Here's How To Get Cast On Beat Bobby Flay

Chefs across the country have been trying to "Beat Bobby Flay" at the television personality's own game, since 2013. The Food Network show's premise is simple: Two chefs go head-to-head to create a meal using a featured, secret ingredient. The chefs are then judged by a rotating host of celebrities in the food and pop culture world. The winner of that first battle then goes on to cook against Bobby Flay, himself.

Chefs from around the country clamor to compete on the show. An appearance could give a cook and their eatery an instant bump in reservations even if they don't beat Flay. However, if they do beat the celebrity chef at his own game, it could mean national media attention. The show is also formatted as a true test of a cook's culinary skills. Unlike other reality or competition shows, there are few gimmicks or tricks involved. It's also notoriously difficult to beat the talented chef. According to E! News, over the course of over 300 episodes, over a 26-season span of time, Flay has only lost 116 times.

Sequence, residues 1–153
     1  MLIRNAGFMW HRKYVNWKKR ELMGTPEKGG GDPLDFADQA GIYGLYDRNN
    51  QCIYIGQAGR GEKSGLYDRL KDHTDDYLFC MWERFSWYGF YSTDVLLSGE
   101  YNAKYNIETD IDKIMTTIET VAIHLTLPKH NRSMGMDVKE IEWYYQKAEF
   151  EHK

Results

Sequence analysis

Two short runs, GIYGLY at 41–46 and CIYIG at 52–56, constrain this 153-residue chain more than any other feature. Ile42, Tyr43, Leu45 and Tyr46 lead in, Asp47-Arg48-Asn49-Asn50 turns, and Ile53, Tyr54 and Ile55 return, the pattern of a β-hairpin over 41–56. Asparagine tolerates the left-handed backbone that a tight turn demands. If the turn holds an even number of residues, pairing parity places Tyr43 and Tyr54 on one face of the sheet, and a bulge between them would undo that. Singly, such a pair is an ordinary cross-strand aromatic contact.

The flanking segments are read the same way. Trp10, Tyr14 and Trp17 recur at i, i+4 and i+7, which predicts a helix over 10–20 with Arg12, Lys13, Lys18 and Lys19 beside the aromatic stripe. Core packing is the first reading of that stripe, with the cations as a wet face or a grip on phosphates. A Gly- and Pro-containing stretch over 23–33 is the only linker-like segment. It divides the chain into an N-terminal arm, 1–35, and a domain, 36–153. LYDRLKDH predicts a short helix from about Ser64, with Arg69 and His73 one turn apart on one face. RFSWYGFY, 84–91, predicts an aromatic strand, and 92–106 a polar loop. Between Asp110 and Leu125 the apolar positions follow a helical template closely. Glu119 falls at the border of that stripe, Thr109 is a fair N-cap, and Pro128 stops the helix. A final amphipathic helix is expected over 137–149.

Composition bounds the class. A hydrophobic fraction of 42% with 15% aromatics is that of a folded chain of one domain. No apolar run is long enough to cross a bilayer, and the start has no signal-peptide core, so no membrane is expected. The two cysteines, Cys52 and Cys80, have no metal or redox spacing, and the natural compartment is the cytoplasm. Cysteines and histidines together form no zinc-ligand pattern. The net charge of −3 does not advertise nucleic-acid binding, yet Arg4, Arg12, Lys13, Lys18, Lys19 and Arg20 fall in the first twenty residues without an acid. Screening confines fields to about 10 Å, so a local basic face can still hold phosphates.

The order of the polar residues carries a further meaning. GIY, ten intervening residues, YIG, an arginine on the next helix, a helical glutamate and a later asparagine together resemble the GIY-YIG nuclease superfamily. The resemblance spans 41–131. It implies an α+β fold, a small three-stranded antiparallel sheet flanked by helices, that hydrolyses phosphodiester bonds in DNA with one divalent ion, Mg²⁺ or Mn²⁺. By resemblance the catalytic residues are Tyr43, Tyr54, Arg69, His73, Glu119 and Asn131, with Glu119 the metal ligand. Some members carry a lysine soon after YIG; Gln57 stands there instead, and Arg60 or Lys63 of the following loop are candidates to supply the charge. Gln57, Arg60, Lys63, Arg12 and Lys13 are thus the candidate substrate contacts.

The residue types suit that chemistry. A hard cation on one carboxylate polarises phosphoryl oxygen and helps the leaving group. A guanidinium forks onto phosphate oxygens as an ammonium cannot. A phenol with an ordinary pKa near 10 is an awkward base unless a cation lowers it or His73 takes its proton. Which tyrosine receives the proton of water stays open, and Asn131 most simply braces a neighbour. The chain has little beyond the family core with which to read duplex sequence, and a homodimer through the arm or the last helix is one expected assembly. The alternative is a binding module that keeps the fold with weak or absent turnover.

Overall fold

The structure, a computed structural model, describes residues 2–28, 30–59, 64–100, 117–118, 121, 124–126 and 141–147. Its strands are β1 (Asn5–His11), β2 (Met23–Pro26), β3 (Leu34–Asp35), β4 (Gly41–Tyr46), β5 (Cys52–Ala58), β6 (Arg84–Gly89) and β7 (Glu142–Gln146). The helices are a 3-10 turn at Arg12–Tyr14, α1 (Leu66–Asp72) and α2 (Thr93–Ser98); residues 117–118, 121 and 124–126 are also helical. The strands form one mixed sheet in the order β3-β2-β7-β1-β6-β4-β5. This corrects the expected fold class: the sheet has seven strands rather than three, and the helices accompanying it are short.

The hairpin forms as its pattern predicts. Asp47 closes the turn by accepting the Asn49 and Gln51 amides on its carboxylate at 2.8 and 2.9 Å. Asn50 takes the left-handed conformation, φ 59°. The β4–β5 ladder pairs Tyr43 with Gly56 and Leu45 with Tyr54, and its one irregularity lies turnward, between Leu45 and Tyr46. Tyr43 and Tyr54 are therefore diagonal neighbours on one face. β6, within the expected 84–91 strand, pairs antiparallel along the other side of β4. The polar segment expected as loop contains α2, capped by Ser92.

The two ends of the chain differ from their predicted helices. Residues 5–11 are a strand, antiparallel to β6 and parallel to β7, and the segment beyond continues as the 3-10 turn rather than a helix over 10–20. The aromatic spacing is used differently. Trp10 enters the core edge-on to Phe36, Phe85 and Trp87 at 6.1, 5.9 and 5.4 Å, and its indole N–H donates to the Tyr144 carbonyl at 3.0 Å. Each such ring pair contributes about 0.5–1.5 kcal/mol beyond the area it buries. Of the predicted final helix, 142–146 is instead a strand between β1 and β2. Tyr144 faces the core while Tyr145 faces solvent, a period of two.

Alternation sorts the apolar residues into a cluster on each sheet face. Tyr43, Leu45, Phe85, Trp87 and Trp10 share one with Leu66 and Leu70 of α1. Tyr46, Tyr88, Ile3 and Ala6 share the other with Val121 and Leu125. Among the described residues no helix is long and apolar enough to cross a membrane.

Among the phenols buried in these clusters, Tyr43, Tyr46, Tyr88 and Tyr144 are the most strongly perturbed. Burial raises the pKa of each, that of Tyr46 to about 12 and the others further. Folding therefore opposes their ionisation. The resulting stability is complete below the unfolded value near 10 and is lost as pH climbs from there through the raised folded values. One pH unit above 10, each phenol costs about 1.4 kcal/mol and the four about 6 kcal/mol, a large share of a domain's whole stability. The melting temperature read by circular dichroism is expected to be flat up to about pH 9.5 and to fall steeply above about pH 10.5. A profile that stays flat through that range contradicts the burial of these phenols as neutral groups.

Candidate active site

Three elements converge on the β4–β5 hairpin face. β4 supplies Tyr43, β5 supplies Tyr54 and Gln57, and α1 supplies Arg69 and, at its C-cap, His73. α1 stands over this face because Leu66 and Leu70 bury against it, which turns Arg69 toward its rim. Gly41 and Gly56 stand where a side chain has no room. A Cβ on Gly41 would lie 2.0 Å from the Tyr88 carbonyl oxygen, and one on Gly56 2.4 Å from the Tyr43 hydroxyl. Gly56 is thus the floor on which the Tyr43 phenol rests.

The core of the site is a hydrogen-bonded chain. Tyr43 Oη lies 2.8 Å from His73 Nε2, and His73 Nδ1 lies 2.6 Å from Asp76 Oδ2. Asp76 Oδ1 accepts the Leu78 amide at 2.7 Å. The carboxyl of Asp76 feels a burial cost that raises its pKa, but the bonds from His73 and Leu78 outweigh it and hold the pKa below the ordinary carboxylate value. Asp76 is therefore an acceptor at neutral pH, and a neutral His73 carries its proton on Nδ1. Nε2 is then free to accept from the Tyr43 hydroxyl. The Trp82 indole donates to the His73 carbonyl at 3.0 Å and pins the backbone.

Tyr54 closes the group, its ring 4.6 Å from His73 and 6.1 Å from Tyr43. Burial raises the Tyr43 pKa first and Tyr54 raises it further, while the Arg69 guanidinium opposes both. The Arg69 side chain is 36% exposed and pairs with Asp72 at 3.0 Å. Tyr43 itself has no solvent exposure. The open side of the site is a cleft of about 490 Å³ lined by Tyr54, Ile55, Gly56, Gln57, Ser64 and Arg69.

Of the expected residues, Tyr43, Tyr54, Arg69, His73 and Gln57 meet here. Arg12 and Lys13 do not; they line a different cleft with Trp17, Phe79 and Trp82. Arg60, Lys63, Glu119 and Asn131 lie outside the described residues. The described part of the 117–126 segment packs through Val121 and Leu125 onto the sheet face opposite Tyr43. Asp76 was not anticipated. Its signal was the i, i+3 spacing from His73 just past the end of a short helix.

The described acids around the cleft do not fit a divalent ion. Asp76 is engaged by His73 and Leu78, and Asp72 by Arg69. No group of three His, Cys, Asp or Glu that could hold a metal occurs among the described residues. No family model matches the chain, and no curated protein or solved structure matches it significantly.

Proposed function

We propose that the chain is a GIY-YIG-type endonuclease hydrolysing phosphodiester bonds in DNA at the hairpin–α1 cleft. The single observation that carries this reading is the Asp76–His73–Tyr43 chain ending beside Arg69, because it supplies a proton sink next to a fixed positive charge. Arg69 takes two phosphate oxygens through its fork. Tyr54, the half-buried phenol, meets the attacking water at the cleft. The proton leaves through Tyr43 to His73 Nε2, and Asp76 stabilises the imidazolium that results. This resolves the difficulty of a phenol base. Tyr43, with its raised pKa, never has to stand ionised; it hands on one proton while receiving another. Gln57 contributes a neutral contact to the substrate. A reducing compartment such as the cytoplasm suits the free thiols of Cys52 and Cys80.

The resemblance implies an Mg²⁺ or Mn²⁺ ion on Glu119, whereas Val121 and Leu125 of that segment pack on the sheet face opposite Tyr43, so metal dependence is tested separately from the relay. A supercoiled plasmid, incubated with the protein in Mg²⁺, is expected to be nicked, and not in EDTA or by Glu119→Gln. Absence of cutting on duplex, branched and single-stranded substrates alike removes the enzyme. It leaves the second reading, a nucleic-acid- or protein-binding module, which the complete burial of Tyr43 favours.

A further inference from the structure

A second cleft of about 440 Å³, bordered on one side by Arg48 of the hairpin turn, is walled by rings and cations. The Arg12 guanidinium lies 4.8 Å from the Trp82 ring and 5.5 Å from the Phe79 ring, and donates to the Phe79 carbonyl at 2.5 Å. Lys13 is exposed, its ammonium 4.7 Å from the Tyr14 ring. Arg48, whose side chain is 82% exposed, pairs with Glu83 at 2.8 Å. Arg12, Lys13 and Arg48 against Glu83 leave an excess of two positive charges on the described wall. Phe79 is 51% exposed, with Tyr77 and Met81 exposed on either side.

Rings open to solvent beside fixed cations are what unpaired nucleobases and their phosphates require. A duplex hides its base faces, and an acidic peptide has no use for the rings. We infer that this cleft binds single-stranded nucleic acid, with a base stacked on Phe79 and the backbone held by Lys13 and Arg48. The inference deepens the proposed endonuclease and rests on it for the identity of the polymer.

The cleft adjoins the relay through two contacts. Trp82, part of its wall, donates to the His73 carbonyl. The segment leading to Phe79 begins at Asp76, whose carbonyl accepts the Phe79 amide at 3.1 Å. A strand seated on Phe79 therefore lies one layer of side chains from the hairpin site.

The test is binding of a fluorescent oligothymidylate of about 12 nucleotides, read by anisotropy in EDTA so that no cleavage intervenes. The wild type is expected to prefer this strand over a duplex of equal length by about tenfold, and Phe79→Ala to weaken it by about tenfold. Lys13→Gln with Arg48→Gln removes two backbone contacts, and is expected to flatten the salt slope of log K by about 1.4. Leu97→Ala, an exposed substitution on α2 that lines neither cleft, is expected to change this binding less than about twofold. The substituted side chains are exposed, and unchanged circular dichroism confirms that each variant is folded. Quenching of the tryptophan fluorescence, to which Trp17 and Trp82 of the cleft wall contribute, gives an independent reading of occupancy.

How to get on the popular competition show

Chefs who feel they're up to the challenge, can apply to "Beat Bobby Flay". The series looks for seasoned chefs, though amateur cooks can also apply.  According to JS Casting, interested chefs should expect to answer a series of questions including how they learned to cook and whether or not they went to culinary school. Would be contestants are also asked if they have ever won any awards or accolades for their cooking. One such award is presented annually by the James Beard Foundation and is considered to be the "Academy Awards" of the culinary world. 

Chefs should also be prepared to share what their iconic dish is — in this case, a classic dish, "taken to the next level" by the chef. Chefs are asked to describe their biggest accomplishment in the culinary world, and to share their resume and several photos of both themselves and their favorite dishes. If you're selected, be prepared to bring your "A" game. Even though Flay gives his competitor the upper hand by being able to choose the dish they'll be making, Flay has decades of professional experience behind him. If you're a gambler, it means the odds are with the house — Flay wins over his chef competitors about 66% of the time.